If you write and want to improve, watch ’em!

What I’m working on…

The sequel to The Tattered Banner is back from the editor, so most of my effort is going into working through the changes on that. Still on track for my intended release window (it’s a large one!) and I’m starting to think about cover design. Usually I have a pretty clear idea of what direction I want to go in, but not the case this time around! Not yet anyway!

I’m also spending a bit of time each day working on the final part of the Society of the Sword trilogy, which is between drafts 1 and 2, as there’s a subplot that I want to develop before I go back through the entire manuscript. I’m keeping time free to do this every day, as I like the continuity that I get by working on Book 2 at the same time. It’s only tidying up and polishing for Book 2 at this point, but I find it helps with keeping the tone consistent, rather than working on them in isolation.

That’s all for today. I hope everyone’s enjoying their summer!

Why I love writing…

I sat down this morning to start work on a new project, (actually, I sat down to pack my bag for the gym, but that didn’t quite happen…) and as I come to the end of my first day of working on it, I’m reminded about what it is that I really love about writing.

When I started writing this morning, there was nothing more than an idea floating around in my head, and scribbled across a few pages. 5,000 words later, there are new people, new places and new events starting to take shape. Brave deeds, conflicted heroes and morally dubious villains; breathtaking vistas, rustic villages and sprawling cities, none of which existed this morning. That’s what I really love about writing.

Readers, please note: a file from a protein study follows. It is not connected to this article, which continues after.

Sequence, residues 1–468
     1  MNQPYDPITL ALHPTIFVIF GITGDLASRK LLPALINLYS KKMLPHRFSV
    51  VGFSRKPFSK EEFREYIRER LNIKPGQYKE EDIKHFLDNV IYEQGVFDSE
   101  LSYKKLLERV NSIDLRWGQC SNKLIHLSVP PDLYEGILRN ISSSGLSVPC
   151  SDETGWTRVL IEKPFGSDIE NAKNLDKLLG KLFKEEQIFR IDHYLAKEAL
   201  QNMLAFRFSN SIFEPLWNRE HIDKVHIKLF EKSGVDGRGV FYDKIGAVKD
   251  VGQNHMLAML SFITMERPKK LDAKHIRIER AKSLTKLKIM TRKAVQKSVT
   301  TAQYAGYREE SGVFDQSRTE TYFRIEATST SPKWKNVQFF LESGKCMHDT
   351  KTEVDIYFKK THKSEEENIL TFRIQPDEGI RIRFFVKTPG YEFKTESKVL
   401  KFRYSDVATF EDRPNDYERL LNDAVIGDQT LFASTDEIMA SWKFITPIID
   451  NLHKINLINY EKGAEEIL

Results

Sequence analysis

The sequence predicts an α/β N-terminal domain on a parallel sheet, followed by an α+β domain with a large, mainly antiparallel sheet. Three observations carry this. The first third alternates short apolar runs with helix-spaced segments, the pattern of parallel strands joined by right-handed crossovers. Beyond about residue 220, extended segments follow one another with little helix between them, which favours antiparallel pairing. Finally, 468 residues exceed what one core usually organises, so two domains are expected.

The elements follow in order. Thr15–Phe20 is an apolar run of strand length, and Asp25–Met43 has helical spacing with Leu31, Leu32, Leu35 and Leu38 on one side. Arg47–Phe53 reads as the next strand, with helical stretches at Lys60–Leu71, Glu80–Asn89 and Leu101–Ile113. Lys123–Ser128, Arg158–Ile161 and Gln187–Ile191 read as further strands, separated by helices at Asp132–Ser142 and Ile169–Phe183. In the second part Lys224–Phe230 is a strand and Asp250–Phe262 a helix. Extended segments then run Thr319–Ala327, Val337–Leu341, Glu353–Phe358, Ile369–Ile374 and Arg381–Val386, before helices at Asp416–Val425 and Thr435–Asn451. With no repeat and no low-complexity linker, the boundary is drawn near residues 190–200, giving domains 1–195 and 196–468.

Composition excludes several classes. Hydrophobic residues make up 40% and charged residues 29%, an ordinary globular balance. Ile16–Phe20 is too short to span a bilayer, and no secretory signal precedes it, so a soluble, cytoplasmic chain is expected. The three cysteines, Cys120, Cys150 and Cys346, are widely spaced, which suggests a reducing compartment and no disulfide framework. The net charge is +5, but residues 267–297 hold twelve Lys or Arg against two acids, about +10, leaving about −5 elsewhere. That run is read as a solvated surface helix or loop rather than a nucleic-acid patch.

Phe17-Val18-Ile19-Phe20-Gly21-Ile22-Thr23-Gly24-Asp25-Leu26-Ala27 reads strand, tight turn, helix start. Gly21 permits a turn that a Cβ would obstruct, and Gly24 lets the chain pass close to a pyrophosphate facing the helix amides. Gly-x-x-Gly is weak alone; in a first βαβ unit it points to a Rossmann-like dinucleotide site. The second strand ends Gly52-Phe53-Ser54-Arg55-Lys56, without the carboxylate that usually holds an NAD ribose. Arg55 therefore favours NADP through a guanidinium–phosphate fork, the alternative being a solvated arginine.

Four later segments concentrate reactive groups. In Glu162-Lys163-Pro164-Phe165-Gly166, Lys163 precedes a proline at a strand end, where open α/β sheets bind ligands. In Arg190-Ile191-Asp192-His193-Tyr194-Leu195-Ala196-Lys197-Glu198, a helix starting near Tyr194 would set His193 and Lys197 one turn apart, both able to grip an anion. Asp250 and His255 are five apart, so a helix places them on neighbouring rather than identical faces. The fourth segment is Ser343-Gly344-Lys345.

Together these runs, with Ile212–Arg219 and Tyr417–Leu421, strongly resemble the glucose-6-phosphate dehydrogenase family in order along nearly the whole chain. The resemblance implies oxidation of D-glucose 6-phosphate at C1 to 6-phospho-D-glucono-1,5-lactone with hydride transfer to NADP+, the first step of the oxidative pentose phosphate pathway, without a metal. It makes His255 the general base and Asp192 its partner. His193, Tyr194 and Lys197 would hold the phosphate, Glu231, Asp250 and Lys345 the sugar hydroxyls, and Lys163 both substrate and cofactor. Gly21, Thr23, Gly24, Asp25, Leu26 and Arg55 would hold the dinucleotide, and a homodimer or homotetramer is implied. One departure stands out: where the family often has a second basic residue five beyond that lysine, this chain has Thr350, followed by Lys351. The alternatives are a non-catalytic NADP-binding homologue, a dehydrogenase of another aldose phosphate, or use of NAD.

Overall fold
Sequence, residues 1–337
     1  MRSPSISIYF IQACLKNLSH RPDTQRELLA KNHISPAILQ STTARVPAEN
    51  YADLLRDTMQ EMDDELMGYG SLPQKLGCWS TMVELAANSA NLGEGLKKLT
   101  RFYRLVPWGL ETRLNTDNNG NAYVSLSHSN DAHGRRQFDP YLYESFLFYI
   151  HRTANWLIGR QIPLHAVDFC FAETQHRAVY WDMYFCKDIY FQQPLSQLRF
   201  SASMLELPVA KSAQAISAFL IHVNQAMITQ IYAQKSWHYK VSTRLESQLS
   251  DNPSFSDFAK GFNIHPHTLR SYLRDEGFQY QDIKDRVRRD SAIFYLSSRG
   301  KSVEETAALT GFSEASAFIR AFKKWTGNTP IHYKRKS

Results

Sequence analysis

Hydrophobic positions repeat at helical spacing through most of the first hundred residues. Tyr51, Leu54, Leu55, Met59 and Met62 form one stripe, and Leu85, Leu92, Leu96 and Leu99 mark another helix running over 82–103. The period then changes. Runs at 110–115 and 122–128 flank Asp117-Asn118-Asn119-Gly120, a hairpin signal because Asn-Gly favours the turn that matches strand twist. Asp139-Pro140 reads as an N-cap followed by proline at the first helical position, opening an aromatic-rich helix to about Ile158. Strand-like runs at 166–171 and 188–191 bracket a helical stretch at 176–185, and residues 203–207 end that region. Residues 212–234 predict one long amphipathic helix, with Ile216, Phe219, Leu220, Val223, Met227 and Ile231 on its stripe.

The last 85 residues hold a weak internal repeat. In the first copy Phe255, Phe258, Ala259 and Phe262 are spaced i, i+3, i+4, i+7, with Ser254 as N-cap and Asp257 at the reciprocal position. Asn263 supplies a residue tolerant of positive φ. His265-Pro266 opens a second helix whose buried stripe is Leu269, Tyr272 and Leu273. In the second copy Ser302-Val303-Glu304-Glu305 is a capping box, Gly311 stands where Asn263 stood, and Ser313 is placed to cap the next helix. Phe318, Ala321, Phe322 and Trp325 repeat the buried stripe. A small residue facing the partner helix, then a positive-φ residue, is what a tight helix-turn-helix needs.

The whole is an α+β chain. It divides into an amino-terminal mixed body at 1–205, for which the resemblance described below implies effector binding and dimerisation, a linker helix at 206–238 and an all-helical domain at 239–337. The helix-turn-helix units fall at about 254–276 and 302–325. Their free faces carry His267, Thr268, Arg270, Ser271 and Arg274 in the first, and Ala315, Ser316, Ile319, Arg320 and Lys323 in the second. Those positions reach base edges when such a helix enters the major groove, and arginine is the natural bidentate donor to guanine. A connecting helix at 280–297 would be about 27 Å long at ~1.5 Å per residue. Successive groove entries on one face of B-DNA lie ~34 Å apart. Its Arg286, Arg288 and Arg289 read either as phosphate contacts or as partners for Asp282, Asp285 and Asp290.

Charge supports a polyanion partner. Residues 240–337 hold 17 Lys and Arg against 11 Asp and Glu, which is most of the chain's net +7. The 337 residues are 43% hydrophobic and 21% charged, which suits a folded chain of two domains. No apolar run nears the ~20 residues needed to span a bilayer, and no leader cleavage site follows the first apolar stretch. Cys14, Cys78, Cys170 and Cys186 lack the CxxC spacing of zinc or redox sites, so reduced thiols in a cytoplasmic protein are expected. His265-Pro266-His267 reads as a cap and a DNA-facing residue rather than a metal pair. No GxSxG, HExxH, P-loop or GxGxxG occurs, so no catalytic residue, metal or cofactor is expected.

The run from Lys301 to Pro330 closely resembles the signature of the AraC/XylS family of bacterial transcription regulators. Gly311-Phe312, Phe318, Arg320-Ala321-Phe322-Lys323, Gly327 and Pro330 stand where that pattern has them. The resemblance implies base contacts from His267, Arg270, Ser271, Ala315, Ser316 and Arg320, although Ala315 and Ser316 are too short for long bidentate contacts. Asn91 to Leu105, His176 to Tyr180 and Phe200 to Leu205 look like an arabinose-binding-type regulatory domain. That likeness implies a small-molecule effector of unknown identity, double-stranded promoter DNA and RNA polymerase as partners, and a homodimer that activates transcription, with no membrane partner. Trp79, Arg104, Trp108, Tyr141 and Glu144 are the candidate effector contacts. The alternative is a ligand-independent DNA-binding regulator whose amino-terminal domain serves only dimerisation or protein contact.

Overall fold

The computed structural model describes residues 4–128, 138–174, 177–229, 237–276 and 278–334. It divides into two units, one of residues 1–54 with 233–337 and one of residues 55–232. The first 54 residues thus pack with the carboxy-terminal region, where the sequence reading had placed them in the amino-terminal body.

The Tattered Banner has now been finalised and is off for ebook conversion, so is still on schedule for release by the end of the month!


The view from 3200m

In other news, I’m just back from vacation and readjusting to the harsh reality of normal life!

The Mighty Scrivener

On an impulse I bought Scrivener a little while back, before I’d really read any reviews on it or knew anything about it. For those who haven’t heard of it, it’s a word processor and organiser aimed at writers. I took a quick look at it when I bought it and then forgot about it; I was quite busy at the time and really didn’t want to have to learn how to use something new, which at first glance I thought would take a while. This was an incorrect assumption, as I shall outline below.